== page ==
Author's Note: I remember sitting in front of the TV watching the 1973 Whitney, the whole time thinking, 'When is Secretariat going to make his move and blow by Onion?' It was shocking to me that he could lose. Over the years it was interesting to learn more and more about what happened to Secretariat that day.

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In the 70’s I was another one of those kids that went to the track with their fathers, and I immediately became enthralled with the excitement and challenges of handicapping.  And then the charisma and dominance of Secretariat gave me a hero to follow. To this day, I still get emotional when I hear Chic Anderson’s call of the 1973 Belmont, “Secretariat is moving like a tremendous machine”.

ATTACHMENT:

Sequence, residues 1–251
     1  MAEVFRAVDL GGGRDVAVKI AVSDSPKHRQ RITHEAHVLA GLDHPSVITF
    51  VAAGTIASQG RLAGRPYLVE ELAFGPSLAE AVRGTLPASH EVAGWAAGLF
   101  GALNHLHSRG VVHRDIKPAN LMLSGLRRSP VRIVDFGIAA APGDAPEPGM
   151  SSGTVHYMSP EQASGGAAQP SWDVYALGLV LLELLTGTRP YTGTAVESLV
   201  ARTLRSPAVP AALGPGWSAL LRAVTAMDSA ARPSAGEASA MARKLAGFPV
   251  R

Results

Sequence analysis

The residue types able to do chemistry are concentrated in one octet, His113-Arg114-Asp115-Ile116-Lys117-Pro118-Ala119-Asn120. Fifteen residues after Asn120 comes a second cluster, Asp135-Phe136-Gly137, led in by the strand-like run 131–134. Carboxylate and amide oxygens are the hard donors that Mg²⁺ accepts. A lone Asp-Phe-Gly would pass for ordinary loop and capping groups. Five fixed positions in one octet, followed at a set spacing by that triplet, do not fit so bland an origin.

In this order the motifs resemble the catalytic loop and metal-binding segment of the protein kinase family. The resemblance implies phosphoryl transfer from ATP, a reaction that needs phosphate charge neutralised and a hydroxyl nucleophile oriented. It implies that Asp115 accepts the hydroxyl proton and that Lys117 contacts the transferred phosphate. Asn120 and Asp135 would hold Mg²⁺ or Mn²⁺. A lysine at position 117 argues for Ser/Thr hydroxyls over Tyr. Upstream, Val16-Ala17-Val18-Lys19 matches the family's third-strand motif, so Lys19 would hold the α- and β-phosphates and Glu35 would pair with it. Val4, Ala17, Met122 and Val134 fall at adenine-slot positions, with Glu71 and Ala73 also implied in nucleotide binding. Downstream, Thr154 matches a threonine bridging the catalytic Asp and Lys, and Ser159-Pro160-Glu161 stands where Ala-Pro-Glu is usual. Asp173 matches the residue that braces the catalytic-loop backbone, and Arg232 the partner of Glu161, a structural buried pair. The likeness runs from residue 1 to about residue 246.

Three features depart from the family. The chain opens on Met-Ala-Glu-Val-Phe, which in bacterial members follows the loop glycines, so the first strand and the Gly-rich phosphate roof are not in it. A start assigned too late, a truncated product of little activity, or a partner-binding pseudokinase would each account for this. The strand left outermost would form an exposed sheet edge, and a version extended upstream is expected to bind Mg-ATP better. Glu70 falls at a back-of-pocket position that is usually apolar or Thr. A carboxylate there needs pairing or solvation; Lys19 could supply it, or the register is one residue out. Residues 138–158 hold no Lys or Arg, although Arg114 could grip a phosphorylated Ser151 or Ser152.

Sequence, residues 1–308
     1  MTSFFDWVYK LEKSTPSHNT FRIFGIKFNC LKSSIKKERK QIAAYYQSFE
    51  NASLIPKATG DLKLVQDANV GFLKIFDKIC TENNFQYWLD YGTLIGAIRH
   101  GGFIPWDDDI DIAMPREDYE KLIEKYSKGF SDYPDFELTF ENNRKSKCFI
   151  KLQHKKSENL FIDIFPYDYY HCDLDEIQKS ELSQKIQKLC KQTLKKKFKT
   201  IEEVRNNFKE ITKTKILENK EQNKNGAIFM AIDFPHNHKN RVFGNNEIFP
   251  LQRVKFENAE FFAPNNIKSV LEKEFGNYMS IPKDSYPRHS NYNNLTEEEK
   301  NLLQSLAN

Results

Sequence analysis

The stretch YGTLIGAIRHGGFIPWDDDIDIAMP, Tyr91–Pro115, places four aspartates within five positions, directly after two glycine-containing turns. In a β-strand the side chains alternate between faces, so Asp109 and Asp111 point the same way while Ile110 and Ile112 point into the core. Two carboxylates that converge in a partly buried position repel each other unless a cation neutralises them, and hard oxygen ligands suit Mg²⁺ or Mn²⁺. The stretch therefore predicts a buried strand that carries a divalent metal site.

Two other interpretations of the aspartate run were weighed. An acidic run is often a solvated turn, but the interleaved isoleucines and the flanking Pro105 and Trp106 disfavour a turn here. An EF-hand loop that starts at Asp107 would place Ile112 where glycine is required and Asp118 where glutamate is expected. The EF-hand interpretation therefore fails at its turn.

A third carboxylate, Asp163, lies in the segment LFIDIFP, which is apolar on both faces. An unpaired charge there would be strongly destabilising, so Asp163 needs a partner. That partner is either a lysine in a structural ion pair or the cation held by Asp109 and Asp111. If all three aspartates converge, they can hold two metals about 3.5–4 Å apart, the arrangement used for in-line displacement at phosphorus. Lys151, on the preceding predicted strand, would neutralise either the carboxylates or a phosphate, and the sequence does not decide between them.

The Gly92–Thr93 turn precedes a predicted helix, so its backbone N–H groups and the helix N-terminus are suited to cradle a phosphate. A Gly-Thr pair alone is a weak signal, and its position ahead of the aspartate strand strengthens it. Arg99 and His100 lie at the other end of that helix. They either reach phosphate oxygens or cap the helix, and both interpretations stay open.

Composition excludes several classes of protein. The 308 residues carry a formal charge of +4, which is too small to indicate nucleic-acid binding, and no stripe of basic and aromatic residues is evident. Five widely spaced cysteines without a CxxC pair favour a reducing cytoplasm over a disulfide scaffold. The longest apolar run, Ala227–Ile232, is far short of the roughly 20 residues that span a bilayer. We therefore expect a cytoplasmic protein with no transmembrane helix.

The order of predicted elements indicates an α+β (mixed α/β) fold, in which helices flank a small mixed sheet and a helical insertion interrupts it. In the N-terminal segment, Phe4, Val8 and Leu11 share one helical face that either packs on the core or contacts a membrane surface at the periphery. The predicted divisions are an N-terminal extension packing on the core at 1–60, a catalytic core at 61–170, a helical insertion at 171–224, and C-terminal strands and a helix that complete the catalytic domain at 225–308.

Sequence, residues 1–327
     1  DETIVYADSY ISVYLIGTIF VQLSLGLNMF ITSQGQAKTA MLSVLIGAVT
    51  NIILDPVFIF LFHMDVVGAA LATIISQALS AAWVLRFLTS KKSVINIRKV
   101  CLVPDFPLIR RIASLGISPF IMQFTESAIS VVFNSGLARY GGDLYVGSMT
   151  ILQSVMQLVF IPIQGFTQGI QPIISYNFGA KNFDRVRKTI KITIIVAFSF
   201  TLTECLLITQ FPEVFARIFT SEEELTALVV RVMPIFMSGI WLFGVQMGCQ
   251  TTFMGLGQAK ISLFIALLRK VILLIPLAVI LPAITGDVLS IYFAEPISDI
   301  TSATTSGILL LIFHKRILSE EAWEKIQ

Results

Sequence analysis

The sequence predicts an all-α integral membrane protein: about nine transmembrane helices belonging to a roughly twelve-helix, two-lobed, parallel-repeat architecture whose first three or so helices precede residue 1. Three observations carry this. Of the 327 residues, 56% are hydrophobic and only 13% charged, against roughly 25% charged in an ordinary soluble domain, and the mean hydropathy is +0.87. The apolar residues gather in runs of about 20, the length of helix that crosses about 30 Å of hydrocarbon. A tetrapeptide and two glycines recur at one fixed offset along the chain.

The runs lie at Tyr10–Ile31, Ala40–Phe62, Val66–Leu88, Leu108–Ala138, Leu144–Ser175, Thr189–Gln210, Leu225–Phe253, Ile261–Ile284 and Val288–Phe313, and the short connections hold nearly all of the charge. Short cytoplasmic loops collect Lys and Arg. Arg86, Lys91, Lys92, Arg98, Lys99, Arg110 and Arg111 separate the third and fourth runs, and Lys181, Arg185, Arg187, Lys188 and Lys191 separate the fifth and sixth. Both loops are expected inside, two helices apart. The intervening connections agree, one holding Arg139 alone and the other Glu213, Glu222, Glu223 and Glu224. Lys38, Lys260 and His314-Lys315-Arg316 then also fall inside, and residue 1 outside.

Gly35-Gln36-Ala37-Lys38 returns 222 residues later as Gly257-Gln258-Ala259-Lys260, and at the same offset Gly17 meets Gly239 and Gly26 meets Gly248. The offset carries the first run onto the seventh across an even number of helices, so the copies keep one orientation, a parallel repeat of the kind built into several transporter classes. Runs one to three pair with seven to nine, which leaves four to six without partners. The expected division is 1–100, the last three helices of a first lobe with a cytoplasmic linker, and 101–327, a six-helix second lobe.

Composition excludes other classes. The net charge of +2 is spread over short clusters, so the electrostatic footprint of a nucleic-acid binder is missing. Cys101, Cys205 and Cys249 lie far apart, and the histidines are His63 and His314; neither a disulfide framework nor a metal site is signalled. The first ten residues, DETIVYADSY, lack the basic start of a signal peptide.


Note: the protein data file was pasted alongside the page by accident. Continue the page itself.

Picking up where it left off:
There have been many great horses run at the shore. In 1976 I watched Majestic Light win the Monmouth Invitational, now the Haskell, in track record time, defeating Honest Pleasure, the big favorite who was in from New York.  This was one of my first big wins at the track.
 
In the 80’s, as a disciple of Andy Beyer, I made my own speed figures because they were not available to the public. Needless to say I visited Monmouth frequently to test out the “figs”.
 
The 90’s allowed me to learn about the backstretch as a part owner of a few claimers that were stabled at Philadelphia Park.  Not a typical owner, I mucked stalls, cooled out the horses, and watched morning works.  Also, I met my wife and discovered that her grandfather bred, owned, and raced thoroughbreds on the West Virginia, Maryland circuit.  Today our office is decorated with winner’s circle pictures and a vast collection of Kentucky Derby glasses.
 
Today’s electronic age makes it so easy to gather information about racing.  I hope you use this blog to learn about Racing at the Jersey Shore.